1st Edition

Writing Intimacy into Feminist Geography

Edited By Pamela Moss, Courtney Donovan Copyright 2017
    260 Pages
    by Routledge

    258 Pages 12 B/W Illustrations
    by Routledge

    Intimacy, expressed through the feelings and sensations of the researcher, is bound up in the work of a feminist geographer. Tapping into this intimacy and including it in academic writing facilitates a grasping of the effects of power in particular places and initiates a discussion about how to access and tease out what constitutes the intimate both ethically and politically throughout the research process.

    This collection provides valuable reflections about intimacy in the research process - from encounters in the field, through data analysis, to the various pieces of written work. A global and heterogeneous pool of scholars and researchers introduce personal ways of writing intimacy into feminist geography. ​ As authors expand existing conceptualizations of intimacy and include their own stories, chapters explore the methodological challenges of using intimacy in research as an approach, a topic and a site of interaction. 

    The book is valuable reading for students and researchers of Geography, as well as anyone interested in the ethics and practicalities of feminist, critical and emotional research methodologies.


    1. Muddling Intimacy Methodologically

    Courtney Donovan and Pamela Moss

    Section 1: Methodological Challenges

    2. An Uncomfortable Position: Making Sense of Field Encounters through Intimate Reflections

    Maral Sotoudehnia

    3. ‘I’m here, I hate it and I can’t cope anymore’: Writing about Suicide

    Gail Adams-Hutcheson and Robyn Longhurst

    4. In the Skin: Intimate Acts in Economic Globalization

    Maureen Sioh

    5. Navigating Intimate Insider Status: Bridging Audiences through Writing and Presenting

    Vanessa A. Massaro and Dana Cuomo

    Section 2: Emergent Effects of Including One’s own Story

    6. Intimate Creativity: Using Creative Practice to Express Intimate Worlds

    Clare Madge

    7. Writing/drawing Experiences of Silence and Intimacy in Fieldwork Relationships

    Kacy McKinney

    8. Open for Business? First Forays into Collaborative Autobiographical Writing in Extractive British Columbia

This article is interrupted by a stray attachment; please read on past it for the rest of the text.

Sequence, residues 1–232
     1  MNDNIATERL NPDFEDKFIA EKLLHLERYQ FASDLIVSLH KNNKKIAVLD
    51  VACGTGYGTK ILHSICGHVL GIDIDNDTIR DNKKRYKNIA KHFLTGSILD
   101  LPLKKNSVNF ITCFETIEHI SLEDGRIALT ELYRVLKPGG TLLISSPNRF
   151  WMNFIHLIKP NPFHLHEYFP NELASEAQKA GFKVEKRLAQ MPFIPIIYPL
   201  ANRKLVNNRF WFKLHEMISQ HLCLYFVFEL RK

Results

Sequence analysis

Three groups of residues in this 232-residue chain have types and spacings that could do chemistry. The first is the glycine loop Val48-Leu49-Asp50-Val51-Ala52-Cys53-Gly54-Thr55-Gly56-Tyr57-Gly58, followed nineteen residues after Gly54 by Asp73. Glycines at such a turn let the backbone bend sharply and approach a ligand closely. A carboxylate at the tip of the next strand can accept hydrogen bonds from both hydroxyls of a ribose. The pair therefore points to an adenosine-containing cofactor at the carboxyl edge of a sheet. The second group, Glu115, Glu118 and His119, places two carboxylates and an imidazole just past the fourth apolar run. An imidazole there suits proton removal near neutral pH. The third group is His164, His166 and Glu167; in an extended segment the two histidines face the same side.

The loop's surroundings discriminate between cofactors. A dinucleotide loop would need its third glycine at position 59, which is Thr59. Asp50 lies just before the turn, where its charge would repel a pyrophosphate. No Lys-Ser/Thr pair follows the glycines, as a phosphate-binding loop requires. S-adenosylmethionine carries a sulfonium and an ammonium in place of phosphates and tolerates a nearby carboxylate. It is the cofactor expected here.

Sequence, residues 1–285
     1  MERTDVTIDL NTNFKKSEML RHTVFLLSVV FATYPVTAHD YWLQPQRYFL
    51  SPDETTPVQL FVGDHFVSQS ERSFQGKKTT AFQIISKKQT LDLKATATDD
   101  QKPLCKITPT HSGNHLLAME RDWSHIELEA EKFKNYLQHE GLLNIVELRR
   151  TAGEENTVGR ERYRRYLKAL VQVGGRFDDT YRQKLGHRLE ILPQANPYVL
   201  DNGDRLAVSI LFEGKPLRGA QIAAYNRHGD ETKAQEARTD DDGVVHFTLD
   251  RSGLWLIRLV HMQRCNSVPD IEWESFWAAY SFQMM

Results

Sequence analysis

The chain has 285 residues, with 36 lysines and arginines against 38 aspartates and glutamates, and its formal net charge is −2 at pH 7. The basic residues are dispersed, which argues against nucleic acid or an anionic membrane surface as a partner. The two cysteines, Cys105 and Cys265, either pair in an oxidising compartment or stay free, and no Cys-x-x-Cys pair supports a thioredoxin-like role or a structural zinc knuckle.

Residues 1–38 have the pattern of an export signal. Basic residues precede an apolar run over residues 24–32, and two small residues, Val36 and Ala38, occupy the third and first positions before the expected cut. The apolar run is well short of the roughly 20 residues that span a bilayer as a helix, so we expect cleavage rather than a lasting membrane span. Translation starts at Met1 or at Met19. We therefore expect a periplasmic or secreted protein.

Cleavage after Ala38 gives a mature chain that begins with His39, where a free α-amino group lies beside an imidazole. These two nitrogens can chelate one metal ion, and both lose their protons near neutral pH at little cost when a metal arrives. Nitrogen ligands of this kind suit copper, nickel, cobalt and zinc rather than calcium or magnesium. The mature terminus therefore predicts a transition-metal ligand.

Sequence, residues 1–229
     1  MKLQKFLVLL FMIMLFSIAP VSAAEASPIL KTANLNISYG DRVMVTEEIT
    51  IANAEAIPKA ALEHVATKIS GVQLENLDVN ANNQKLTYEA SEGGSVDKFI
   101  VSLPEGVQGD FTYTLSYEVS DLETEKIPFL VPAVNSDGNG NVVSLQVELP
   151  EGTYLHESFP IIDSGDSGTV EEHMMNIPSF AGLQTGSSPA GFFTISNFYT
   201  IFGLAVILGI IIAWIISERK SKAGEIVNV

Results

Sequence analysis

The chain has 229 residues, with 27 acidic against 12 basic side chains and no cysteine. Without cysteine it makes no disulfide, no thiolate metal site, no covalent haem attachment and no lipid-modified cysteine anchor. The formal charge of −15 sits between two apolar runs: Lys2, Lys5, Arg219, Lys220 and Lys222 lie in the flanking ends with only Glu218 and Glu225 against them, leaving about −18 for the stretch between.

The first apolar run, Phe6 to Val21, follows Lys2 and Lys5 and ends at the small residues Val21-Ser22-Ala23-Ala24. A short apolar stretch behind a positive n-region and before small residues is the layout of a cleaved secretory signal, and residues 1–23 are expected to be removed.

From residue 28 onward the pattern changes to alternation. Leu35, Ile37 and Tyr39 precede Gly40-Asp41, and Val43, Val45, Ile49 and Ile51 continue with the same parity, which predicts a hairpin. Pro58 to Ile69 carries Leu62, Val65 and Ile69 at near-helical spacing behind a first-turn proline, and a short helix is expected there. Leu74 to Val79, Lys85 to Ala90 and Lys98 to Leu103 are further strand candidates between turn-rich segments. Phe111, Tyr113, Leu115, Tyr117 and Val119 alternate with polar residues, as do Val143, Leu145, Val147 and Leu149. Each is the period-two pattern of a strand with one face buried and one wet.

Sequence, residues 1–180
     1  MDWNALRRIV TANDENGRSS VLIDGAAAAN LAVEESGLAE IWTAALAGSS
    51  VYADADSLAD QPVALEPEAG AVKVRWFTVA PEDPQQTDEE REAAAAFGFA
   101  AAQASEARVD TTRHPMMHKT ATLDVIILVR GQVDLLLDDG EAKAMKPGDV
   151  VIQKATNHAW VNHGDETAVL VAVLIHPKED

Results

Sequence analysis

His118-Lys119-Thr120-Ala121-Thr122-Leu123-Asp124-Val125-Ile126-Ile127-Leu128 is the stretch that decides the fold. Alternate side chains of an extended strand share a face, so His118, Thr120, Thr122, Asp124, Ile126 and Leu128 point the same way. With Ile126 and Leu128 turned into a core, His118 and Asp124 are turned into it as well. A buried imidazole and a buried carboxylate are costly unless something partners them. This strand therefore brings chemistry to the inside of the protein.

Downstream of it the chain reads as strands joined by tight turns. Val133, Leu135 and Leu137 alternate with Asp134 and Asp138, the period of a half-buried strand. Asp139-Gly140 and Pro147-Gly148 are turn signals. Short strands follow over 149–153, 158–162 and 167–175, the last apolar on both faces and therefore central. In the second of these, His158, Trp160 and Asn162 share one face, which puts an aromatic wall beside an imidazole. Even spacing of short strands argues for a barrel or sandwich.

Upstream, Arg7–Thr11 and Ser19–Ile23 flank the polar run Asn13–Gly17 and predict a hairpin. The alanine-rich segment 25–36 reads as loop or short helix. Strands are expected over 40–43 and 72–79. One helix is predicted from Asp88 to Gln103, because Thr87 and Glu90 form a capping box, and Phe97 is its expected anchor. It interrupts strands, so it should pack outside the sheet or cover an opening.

Zoë A. Meletis and Blake Hawkins

    9. Walking the Line between Professional and Personal: Using Autobiography in Invisible Disability Research

    Toni Alexander

    10. Are we Sitting Comfortably? Doing-writing to Embody Thinking-with

    Kye Askins

    Section 3: Multiple Aspects of Researching Intimacy

    11. Accelerating Intimacy? Digital Health and Humanistic Discourse

    Courtney Donovan

    12. To Hold and be Held: Engaging with Suffering at End of Life through a Consideration of Personal Writing

    Kelsey Hanrahan

    13. Inhabiting Research, Accessing Intimacy, Becoming Collective

    Karen Falconer Al-Hindi, Pamela Moss, Leslie Kern and Roberta Hawkins

    14. Intimacy, Animal Emotion and Empathy: Multispecies Intimacy as Slow Research Practice

    Kathryn Gillespie

    Section 4: Analytical Methods as Part of Writing

    15. Bearing Witness to Geographies of Life and Death: Intimate Writing and Violent Geographies

    Samuel Henkin

    16. Becoming Fieldnotes

    Ebru Ustandag

    17. Hiding in the Garden: Autoethnography and Intimate Spaces

    Kathryn Besio

    18. Death, Dying and Decision-making in an Intensive Care Unit: Tracing Micro-connections through Auto-methods

    Pamela Moss

    19. Places of the Open Season

    Sarah de Leeuw

    Concluding Remarks

    20. Intimate Research Acts

    Pamela Moss and Courtney Donovan


    Pamela Moss is a Professor in Human and Social Development, University of Victoria, Canada.

    Courtney Donovan is an Associate Professor in the Department of Geography and Environment, San Francisco State University, USA.